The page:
A company that makes bespoke fitted furniture says that a six-figure funding package from Lloyds Bank means it will return from lockdown ready to capitalise on customers’ growing desire to work and socialise at home.
Greater Manchester-based Bluebell Fitted Furniture was founded by directors Mike and Alison Reuben in 1992 and specialises in the design, manufacture and installation of made-to-measure furniture in people’s homes.
It was heading for a record year in 2020, until it was forced to close down its operations, including its showroom in Sale and factory in Altrincham, and furlough its 24 staff.
Alison said: “We were looking to have one of the best years since we started our business 29 years ago but, like just about everyone else in business, we literally had to ‘shut up shop’.”
Now Lloyds Bank has provided Bluebell with a £150,000 loan through the Coronavirus Business Interruption Loan Scheme (CBILS) to support its working capital, though the firm has continued to receive new enquiries from customers during the shutdown.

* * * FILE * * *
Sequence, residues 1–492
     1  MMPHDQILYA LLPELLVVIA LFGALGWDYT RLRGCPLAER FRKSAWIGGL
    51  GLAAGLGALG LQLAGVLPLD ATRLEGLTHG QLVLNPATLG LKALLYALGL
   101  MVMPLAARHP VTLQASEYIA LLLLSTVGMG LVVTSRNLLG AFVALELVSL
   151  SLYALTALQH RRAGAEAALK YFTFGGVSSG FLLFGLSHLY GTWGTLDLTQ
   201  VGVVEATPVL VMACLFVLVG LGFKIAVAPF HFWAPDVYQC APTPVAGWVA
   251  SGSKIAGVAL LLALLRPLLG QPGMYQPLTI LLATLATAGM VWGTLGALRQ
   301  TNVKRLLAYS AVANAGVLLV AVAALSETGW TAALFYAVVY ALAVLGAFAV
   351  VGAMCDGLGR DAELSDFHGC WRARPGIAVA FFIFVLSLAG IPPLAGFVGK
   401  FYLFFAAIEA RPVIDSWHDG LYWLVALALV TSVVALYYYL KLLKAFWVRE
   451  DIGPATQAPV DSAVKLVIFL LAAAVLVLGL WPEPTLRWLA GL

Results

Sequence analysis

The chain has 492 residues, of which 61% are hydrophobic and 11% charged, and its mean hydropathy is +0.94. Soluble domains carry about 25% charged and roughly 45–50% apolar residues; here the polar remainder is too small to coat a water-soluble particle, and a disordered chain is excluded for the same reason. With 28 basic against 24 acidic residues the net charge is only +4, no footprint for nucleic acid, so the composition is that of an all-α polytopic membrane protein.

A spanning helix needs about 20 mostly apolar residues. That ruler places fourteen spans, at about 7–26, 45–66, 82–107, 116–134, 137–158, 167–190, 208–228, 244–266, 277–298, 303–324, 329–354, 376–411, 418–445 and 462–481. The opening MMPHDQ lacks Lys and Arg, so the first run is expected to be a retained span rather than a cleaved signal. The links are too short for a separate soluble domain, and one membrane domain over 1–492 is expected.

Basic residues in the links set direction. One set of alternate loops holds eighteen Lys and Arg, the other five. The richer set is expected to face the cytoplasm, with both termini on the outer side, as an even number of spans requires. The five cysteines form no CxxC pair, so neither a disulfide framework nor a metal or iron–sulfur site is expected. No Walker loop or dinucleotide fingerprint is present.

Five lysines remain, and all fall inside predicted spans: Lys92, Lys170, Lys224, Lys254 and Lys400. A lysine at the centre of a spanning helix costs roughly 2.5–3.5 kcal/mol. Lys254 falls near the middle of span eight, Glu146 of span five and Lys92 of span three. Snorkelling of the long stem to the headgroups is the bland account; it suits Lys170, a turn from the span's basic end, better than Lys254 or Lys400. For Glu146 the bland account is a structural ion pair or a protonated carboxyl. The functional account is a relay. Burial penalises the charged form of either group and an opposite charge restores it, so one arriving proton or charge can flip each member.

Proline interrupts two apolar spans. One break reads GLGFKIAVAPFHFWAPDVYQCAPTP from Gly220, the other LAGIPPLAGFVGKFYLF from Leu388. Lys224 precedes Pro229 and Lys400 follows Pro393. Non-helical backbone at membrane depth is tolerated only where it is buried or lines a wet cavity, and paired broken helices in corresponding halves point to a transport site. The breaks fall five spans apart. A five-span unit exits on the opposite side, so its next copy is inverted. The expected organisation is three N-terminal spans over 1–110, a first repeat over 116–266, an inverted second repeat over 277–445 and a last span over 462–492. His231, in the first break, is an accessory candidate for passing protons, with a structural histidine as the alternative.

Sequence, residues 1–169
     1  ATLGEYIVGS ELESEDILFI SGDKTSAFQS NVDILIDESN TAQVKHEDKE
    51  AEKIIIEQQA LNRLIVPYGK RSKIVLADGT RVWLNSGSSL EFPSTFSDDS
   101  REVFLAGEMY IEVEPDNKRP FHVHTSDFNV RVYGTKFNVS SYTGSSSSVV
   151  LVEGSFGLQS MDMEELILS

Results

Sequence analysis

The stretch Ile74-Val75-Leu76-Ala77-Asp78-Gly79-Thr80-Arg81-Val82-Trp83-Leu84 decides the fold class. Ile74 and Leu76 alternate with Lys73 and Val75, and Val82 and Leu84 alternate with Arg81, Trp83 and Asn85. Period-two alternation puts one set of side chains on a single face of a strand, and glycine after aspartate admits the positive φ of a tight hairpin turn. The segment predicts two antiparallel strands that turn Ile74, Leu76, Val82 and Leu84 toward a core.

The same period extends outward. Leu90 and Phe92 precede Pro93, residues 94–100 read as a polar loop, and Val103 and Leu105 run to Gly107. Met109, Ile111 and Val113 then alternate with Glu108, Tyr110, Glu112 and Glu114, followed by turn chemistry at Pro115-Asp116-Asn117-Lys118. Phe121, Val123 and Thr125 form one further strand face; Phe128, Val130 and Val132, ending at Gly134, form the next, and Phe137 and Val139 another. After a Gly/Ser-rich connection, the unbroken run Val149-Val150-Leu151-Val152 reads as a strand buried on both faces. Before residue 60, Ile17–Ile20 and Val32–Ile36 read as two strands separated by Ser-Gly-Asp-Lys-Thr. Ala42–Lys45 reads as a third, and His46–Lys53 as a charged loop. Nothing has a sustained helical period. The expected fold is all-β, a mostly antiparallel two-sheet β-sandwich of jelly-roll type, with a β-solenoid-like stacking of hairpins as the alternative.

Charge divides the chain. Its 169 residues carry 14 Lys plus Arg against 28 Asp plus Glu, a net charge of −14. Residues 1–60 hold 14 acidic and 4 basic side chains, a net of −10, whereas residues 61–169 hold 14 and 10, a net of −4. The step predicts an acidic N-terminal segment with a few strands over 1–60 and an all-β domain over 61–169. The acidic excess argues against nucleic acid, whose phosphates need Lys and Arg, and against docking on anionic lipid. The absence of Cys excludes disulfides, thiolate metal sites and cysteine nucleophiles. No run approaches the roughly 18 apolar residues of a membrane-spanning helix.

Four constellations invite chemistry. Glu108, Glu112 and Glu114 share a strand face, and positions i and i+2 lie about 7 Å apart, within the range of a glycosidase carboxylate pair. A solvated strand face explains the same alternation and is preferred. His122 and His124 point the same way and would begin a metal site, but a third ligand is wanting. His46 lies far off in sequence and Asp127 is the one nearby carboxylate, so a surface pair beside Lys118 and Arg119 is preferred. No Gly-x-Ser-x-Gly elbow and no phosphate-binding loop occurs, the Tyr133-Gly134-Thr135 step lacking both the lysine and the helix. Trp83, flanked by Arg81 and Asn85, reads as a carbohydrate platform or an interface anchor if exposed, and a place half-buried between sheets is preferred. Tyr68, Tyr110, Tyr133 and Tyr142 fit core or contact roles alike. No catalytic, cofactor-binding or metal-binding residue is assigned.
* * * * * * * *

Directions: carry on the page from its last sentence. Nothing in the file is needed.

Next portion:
Bluebell hopes to benefit from a boom in home working, which Mike and Alison anticipate will drive demand from households to have offices installed in their homes.
And they predict more people will want to have bars fitted so they can socialise with friends without having to visit busy pubs and bars.
Mike said: “Lloyds Bank was able to arrange this funding very quickly, which meant we could pay all our suppliers, which we felt was our moral obligation.
“Working from home is going to be the way forward, so we anticipate that after lockdown people will have new ideas of how they would like to improve their home and instead of travelling abroad in 2020 they will be keen to spend their hard-earned money improving their environment.
“When we return to work, we will hold a full day of health and safety training on safe working practices for all our staff and we’ll be writing to all our customers to reassure them about the measures we’ll be taking, including social distancing and wearing protective clothing.”
The award-winning £1.6 million turnover business had been on course to achieve revenues of over £2 million this year, until the coronavirus outbreak.